Evidence for Brain Glucose Dysregulation in Alzheimer’s Disease
Yang An, Vijay R. Varma, Sudhir Varma, Ramon Casanova, Eric Dammer et al.
Laboratory of Behavioral Neuroscience,
National Institute on Aging (NIA),
National Institutes of Health (NIH),
Baltimore, MD, USA.
INTRODUCTION: It is unclear whether abnormalities in brain glucose homeostasis are associated with Alzheimer’s disease (AD) pathogenesis.
METHODS: Within the autopsy cohort of the Baltimore Longitudinal Study of Aging, we measured brain glucose concentration and assessed the ratios of the glycolytic amino acids, serine, glycine, and alanine to glucose. We also quantified protein levels of the neuronal (GLUT3) and astrocytic (GLUT1) glucose transporters. Finally, we assessed the relationships between plasma glucose measured before death and brain tissue glucose.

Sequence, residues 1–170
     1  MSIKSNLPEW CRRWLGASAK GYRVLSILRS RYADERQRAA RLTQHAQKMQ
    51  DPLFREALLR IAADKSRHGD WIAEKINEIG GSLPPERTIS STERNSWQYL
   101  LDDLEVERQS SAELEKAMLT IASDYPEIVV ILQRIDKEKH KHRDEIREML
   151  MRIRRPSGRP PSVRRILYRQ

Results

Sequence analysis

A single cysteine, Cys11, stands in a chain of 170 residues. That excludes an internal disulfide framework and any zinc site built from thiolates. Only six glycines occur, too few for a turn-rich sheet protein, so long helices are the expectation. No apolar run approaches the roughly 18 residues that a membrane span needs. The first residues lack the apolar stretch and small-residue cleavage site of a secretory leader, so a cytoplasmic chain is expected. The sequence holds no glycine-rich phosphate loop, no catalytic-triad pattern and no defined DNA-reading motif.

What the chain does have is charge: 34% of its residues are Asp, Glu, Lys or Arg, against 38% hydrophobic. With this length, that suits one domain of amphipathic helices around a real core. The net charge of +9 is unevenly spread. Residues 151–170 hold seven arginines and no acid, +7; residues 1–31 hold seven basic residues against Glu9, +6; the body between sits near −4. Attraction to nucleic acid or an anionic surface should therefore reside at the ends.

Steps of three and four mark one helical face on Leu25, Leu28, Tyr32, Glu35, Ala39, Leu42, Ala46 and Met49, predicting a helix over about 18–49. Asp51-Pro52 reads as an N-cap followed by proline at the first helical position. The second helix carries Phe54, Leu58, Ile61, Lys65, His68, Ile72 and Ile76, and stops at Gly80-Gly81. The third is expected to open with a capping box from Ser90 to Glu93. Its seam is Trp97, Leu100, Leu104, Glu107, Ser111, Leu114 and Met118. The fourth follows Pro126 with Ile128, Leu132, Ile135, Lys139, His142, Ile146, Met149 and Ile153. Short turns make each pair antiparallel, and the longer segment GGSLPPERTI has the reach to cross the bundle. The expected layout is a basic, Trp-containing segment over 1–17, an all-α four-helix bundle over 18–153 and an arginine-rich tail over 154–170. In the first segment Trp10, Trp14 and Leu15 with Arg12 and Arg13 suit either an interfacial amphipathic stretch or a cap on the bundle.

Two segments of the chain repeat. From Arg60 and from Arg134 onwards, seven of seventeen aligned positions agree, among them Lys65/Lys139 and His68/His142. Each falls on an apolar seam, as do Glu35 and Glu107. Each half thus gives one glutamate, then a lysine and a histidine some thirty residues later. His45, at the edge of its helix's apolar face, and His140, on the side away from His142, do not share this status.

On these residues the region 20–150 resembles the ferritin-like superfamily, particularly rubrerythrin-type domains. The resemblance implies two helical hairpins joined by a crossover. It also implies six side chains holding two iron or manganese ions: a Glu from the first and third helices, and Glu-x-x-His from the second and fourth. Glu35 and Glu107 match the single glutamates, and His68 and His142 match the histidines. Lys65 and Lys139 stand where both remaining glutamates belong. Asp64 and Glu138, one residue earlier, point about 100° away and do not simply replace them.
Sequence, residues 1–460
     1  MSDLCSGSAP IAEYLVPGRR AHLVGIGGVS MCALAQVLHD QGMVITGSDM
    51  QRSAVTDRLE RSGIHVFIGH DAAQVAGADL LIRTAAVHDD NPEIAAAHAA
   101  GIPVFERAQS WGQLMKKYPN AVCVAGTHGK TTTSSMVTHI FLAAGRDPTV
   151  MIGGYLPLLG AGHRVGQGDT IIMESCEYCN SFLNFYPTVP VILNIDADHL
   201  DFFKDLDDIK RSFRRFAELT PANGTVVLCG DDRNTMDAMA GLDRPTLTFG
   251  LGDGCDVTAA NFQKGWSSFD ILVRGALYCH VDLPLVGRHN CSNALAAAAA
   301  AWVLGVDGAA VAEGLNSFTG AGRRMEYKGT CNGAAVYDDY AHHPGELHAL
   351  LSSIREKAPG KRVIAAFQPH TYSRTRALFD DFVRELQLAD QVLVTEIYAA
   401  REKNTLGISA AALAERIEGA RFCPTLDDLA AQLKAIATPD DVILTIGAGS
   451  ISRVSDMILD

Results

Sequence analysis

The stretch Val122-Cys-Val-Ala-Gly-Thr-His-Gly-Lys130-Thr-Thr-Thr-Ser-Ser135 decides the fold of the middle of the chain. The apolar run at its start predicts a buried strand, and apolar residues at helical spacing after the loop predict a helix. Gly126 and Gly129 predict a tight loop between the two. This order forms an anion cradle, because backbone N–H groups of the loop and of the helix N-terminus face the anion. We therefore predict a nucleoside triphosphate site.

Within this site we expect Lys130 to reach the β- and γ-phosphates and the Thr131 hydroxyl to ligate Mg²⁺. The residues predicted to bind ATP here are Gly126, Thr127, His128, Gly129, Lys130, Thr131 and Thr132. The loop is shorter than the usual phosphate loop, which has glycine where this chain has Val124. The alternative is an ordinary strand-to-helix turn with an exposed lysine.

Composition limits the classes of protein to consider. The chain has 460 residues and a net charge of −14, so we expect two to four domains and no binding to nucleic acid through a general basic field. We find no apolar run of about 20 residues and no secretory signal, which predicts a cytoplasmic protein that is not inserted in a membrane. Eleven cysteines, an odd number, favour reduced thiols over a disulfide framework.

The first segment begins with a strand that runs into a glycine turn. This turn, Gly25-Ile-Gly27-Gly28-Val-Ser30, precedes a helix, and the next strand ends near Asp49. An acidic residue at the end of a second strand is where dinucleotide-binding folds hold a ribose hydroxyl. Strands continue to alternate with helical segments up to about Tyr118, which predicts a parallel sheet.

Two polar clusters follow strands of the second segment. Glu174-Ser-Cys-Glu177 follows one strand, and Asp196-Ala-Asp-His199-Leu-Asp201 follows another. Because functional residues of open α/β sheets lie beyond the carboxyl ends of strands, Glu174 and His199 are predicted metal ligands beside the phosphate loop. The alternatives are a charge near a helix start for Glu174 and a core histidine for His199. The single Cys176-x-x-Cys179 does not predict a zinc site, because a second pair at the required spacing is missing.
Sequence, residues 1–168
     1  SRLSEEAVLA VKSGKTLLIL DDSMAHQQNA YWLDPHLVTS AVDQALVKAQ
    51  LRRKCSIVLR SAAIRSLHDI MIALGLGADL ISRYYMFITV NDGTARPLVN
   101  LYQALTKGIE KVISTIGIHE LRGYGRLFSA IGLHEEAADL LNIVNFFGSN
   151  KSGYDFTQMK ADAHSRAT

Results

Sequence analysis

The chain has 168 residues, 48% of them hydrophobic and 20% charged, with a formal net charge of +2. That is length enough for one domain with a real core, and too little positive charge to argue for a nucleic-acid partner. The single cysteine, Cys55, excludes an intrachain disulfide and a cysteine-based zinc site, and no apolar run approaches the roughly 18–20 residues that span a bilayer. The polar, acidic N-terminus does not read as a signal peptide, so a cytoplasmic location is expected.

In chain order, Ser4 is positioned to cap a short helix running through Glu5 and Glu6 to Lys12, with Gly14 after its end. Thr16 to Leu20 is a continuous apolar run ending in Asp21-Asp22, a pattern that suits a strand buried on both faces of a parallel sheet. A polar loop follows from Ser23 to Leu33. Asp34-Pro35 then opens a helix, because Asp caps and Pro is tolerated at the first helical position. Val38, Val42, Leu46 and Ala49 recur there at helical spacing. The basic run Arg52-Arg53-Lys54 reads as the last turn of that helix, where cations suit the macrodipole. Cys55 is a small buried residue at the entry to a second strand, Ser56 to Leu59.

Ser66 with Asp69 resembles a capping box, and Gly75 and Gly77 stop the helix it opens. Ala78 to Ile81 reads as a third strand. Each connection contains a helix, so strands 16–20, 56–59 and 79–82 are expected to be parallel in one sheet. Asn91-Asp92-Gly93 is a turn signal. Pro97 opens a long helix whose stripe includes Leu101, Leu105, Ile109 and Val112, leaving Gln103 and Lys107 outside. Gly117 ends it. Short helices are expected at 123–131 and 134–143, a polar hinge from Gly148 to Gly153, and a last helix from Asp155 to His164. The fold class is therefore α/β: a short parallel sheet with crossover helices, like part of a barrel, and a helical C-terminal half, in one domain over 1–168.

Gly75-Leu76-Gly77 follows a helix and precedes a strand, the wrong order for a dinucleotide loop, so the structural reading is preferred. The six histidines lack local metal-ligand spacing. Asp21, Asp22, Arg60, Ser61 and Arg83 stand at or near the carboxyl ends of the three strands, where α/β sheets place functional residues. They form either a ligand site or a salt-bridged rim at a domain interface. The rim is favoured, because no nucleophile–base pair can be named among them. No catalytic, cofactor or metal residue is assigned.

RESULTS: Higher brain tissue glucose concentration, reduced glycolytic flux, and lower GLUT3 are related to severity of AD pathology and the expression of AD symptoms. Longitudinal increases in fasting plasma glucose levels are associated with higher brain tissue glucose concentrations.
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